For lunch we went to the dining car at 1 pm, our assigned time. We were seated with two other travellers, both american, and about 10 seconds after being seated we started a conversation, which went on until we had finished eating, then "ok guys, was nice talking to you, have a nice trip". Interesting.
I'm looking forward to our next trip tomorrow!

09 January 2010

Looking for reasons not to relocate to San Francisco

- Its far away from everywhere (even New York)
- Too many crazy people (but less than Venice beach, LA)
- Never hot through the year

It was a hard job to find these few reasons. It seems a so great city to live nonetheless.

08 January 2010

The culture of the sub-culture

Skaters, crazy people, homeless, cyclists, gays, chinese, mexicans, swiss-portuguese couples, blacks, musicians, joggers, etc. Everything taken to the extreme, totally into their own world, fighting for their subject. San Francisco, USA.

06 January 2010

Hopefully here

Time wrap travel

5 Jan, 3pm, +30 degrees C - We visited Putrajaya, a big mostruosity of Malaysian government; 6pm - Check-in at Kuala Lumpur airport; 9pm - Flight to Seoul departs; 11pm - Landed at Kota Kinabalu; midnight - Departed from Kota Kinabalu

(Five hours later)

6 Jan, 6am, -10 degrees C - Landed at Seoul. The airplane slides over the ice while parking and we need to be towed; 11am - we sleep in a airport's bench; 12pm - we took shower at Seoul airport; 3pm - Departed from Seoul.

(Eight hours later)

6 Jan (yes, again), 8am, +10 degrees C - Landed in San Francisco; 2pm - lunch in San Francisco; 8pm - we go to sleep.

01 January 2010

To travel...

... is being conscientious of missing much more than what you will have time to visit.

Sometimes I miss...

... good bread with butter and good honey.
... giving body combat classes and ride my bike.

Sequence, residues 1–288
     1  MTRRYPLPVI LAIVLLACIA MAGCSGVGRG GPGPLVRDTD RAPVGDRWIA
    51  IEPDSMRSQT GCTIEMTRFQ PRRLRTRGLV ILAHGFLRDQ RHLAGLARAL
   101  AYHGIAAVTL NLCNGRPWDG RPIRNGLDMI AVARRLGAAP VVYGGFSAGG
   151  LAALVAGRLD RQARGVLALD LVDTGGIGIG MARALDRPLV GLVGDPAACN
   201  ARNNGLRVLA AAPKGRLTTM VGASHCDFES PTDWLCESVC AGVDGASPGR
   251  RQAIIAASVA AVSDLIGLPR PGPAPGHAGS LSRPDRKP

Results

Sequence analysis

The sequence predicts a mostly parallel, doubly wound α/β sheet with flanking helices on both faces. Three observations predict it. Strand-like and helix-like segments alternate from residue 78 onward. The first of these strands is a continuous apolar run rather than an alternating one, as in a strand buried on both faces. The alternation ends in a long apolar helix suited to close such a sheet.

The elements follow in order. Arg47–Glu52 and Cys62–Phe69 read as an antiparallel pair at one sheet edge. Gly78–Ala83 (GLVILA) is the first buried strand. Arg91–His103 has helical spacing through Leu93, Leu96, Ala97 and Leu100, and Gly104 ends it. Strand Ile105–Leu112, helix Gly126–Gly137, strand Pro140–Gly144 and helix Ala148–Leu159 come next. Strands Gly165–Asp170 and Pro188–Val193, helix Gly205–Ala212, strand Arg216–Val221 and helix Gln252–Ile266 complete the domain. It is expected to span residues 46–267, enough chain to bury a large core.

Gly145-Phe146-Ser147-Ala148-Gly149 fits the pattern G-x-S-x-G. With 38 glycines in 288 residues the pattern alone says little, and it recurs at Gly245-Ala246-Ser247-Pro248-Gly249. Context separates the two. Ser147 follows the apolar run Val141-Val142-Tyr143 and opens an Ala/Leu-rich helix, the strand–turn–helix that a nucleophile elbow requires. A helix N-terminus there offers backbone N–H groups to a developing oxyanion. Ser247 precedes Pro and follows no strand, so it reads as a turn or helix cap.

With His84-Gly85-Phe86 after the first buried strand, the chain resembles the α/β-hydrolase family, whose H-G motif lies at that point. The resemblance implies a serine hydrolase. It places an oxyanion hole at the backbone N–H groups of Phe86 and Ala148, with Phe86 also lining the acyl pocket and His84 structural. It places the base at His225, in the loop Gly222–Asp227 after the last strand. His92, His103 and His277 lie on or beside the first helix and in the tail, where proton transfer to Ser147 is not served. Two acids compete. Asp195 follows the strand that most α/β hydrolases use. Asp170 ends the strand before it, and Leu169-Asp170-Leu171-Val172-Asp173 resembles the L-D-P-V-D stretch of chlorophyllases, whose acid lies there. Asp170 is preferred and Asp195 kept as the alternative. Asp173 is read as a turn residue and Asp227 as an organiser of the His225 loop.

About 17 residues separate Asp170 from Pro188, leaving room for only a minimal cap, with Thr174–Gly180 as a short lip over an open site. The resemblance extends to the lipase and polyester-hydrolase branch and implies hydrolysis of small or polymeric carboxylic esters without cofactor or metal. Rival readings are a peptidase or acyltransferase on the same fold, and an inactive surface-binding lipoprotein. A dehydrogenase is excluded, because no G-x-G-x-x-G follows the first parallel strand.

... drink beer with friends.
... Eva's cakes and bread.

Next stop - where?

So, we have arrived in Singapore. All the way from little Switzerland, by train and bus and boat. Quite a long way, looking at it on a world map.
And now?
Well, we're not coming back just yet. We have other plans first.
A hint: it's about train travel - again.
So, any ideas? :-)

We will let you know when we're there!

Happy New Year!

From Singapore

Singapore - a breath of fresh air. Is it?
Compared to all southeastasian cities, it's definitely cleaner. The public transport system works. There's enough space on the sidewalks to actually walk. Car drivers stop to let pedestrians pass. Few people spit, almost nobody litters. The small boat that took us to a small island the other day can only take 12 passengers, otherwise people are advised to complain. The buses are clean and in good working condition. People are polite. The city is full of huge shopping centres with expensive shops. Everybody goes shopping after work or on public holidays. And to think that Singapore was "thrown out of" Malaysia in the 50ies, and managed all this by itself...

The downside?
No freedom of speech. Press heavily influenced by the government. The same prime minister ruled for decades, the current prime minister is his son. Homosexuality is illegal. No social security. No real opposition (although they do turn up in elections but never win). High rate of self-censorship in the press and the arts. Spitting is forbidden and punished with a high fine, as is eating or drinking on the subway (costs 250 Euros), littering and many other things.

The question:
Is all this necessary to build a working state which is clean and where people are nice to each other? Is it necessary to have such strict laws and punishments about what I would call minor issues? If there weren't any laws like these, would people spit and litter and smoke everywhere? Maybe yes... (look at China). Or maybe not?

I don't know.